A commentary and accompanying editorial published in Reproductive BioMedicine Online calls for a registry of egg donors to monitor long-term health after egg donation.
In the commentary, Dr. Jennifer Schneider and her colleagues document five case histories of women in the US who were egg donors and then later developed breast cancer. Currently there are no registries of egg donors in the UK or in the US, and there are only a few long-term follow up studies on egg donors who have received fertility drugs to help others. This lack of data means that it is difficult to draw a firm conclusion on the effect that fertility drugs in donors may have on cancer risk.
‘There is no long-term risk of breast cancer from IVF, which requires women to undergo the same hormone treatment as egg donors.’
"We don't know, of course, whether there is a likely connection between their egg donation and breast cancer," said Dr. Schneider. "The only way to have a real answer is to begin keeping track of egg donors and to gather information on the long-term health risks of egg donation. Until then, potential egg donors need more realistic and clear explanations about the lack of knowledge about such risks."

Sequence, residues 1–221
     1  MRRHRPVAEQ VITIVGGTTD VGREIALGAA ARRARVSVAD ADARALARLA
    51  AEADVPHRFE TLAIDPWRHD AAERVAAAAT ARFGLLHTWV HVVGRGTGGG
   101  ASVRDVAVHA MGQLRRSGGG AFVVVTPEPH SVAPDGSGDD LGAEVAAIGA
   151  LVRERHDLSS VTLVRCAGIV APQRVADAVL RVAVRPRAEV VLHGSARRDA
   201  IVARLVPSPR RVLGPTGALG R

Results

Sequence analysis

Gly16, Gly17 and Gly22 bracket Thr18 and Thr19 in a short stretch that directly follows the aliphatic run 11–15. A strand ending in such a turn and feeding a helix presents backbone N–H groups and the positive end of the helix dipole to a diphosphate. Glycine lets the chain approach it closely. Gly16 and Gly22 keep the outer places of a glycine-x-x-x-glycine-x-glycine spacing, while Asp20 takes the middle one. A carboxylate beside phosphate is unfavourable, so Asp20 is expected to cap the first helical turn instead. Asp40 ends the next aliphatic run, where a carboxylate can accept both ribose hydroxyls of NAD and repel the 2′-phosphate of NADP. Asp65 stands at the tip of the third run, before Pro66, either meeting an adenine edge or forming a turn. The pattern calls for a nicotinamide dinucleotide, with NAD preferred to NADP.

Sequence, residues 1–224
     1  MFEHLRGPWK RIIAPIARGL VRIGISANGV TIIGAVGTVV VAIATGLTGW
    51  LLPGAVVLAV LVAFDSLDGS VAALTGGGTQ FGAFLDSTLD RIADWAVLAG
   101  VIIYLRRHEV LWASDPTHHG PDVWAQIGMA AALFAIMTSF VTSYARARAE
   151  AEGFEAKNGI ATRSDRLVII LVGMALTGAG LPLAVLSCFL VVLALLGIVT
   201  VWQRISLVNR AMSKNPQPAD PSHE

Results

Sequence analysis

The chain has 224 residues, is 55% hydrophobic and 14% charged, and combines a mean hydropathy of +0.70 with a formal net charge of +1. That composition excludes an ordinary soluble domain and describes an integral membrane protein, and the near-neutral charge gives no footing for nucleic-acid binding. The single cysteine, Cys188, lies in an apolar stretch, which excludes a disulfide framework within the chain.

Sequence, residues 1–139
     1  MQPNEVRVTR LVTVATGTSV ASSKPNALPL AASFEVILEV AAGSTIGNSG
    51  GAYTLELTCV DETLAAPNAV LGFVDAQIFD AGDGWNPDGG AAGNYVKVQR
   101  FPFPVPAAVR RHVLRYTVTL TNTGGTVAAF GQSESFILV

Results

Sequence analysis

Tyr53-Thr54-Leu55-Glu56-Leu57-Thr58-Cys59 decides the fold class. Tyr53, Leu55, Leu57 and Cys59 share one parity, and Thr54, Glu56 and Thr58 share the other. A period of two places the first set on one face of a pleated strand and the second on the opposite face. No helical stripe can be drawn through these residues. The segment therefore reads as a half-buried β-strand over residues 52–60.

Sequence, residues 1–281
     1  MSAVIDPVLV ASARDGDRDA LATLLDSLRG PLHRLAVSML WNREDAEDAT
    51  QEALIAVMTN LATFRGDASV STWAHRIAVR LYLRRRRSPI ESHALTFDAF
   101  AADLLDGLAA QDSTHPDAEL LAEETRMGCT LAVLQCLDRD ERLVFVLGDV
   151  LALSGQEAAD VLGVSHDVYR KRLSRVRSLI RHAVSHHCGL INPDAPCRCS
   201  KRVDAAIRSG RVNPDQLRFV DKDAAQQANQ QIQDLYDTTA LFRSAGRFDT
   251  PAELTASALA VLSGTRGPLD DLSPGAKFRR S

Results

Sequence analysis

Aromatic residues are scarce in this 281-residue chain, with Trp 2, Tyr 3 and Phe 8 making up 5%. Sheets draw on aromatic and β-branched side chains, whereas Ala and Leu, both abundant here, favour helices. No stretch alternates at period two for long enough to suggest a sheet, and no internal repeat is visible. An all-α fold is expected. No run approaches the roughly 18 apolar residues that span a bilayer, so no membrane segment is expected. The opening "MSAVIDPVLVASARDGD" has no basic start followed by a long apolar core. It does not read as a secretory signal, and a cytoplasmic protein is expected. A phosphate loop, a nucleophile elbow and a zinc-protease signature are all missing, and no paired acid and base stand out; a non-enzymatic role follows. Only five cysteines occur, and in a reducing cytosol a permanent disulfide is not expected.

Recent studies have shown that there is no long-term risk of breast cancer from IVF, which requires women to undergo the same hormone treatment as egg donors. However, lack of data specific to egg donors has hampered proper assessment of potential risks in this population. The establishment of national egg donor registries that allow long-term follow up studies would effectively address this problem and shed light on the effects, if any, of repeated hormone treatments on younger egg donors.
Although this anecdotal report of five women developing breast cancer after hormone treatment might appear concerning, the editors highlight in their accompanying editorial that it is well below the estimated number of women in the population who would be statistically likely to develop breast cancer. However, the ovarian stimulation cycles that these women experienced were atypical in that they involved more aggressive regimes than commonly used. Very large numbers of eggs (28-33) were retrieved and they underwent many more rounds of treatment (up to 10) with fertility drugs than is common practice.
"We decided to publish this controversial report to highlight that the safety of any medical intervention should always be a major concern," said Professor Bart Fauser, Chief Editor of Reproductive BioMedicine Online, "especially in cases where women undergo drug treatment for the sole reason of helping others."